Figure 2 with 1 supplement
In the larva (1 day post-hatching) xenopsin protein is localized to ciliary cells in the eyes.

(A) Apical view of larva showing xenopsin (red) in the epidermal eye (ee) (100% of individuals examined, n = 50) (OpenSPIM image, Syt gr = Sytox green, staining nuclei and bright-field image also reveal photoreceptor pigments). (B) Confocal optical section showing xenopsin in the epidermal eye (circled) but not in the acetylated tubulin+ (acTub) cells in the epidermis (arrowheads); autofluoresence of rhabdites (rh). (C) Xenopsin is co-localised with acTub in one of the two cerebral eyes providing evidence that xenopsin protein localizes to cilia (this varies between the right and left cerebral eye in different larvae, 50:50, n = 10)(pcc = pigment cup cell). (D) R-opsin is expressed in both cerebral eyes (ce). (100% of individuals examined, n = 30), (E) TEM image showing the epidermal eye which houses elaborated ciliary membranes (cm) inside a pigment cup (pc)(basal bodies, bb; cross section of ciliary flagella, cf, nucleus,n) (100% of individuals examined, n = 3). (F) Ultrastructure of a cerebral eye showing cilia (inside dashed line) and microvilli (arrows) cupped within a pigment cell (pcc). (G) Ultrastructure of another cerebral eye showing microvilli (arrows) cupped inside a pigment cup cell. (H) Multiple cilia projecting into phaosomes (intra-cellular vacuoles) in the epidermis. (I) A schematic of a larva summarizing the expression of xenopsin, r-opsin and acTub. In the larva xenopsin is expressed in two of the three putative ciliary photoreceptor cell types: the epidermal eye, a cerebral eye, but not in the ciliary phaosome cells (cpc).

Figure 2—figure supplement 1
Opsin localization and expression in Maritigrella embryos and larva.

(A and B) Xenopsin expression (red) in the epidermal eye (ee) during Maritigrella crozieri embryogenesis. The epidermal eye develops soon after gastrulation is complete and before development of the cerebral eyes. Syt gr = Sytox Green, staining nuclei. Bright-field (BF) also shows the photoreceptor pigments. Inset is a 3-time magnification. (C) R-opsin expression is expressed in the two cerebral eyes (ce) of the larva but not the epidermal eye.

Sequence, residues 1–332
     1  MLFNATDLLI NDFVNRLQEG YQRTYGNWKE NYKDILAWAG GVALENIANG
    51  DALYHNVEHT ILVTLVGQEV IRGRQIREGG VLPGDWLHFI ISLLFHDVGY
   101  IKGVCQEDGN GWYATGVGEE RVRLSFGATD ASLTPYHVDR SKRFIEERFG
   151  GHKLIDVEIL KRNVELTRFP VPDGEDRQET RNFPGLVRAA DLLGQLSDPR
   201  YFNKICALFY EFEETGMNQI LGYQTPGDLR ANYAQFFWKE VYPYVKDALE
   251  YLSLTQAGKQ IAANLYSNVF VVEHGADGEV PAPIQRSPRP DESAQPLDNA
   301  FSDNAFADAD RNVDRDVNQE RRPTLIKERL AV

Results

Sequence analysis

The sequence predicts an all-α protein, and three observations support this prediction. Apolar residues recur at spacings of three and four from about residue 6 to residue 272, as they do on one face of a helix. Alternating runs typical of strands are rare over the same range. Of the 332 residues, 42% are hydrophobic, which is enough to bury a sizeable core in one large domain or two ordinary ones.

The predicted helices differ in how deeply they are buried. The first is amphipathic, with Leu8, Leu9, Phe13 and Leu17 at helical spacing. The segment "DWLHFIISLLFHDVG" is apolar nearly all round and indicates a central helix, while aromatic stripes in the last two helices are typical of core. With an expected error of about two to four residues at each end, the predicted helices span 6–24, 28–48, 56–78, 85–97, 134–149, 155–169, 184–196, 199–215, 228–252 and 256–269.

Acetylated tubulin staining identifies two dense clusters of extraocular cells, possible ciliary photoreceptors (CPR), either side of the adult brain.

(A) Live adult, red line shows plane of cross section in B-C. (B and C) Consecutive sections showing; (B) two clusters of acetylated tubulin+ cells and; (C) their distribution between the brain (br) (which is encapsulated in a basal lamina, bl) and intestinal branches (in) (n = 5 individuals). Bi and Ci) Close up showing that these cells (arrowheads) are embedded in extracellular matrix in close proximity to the main nerve tracts (arrow). Pigment cup cells (pcc), rhabdites (rh). (D) Anterior end of adult showing pigmented eyes above the brain (cerebral eyes, ce) and on the tentacles (tentacular eyes, te). (Di) Schematised distribution of acetylated tubulin+ cells (act) and cerebral eyes on a micro-CT reconstruction of the brain and main anterior (white), posterior (gray), and two of the optic (yellow) nerve tracts. (E) Confocal projection of a putative CPR and, Ei) an optical slice of the same cell showing cilia projecting into the intra-cellular vacuole or phaosome (arrowheads) in the outer segment (os).

Figure 4 with 4 supplements
The morphology of the ciliary phaosomal cells in adult Maritigrella crozieri.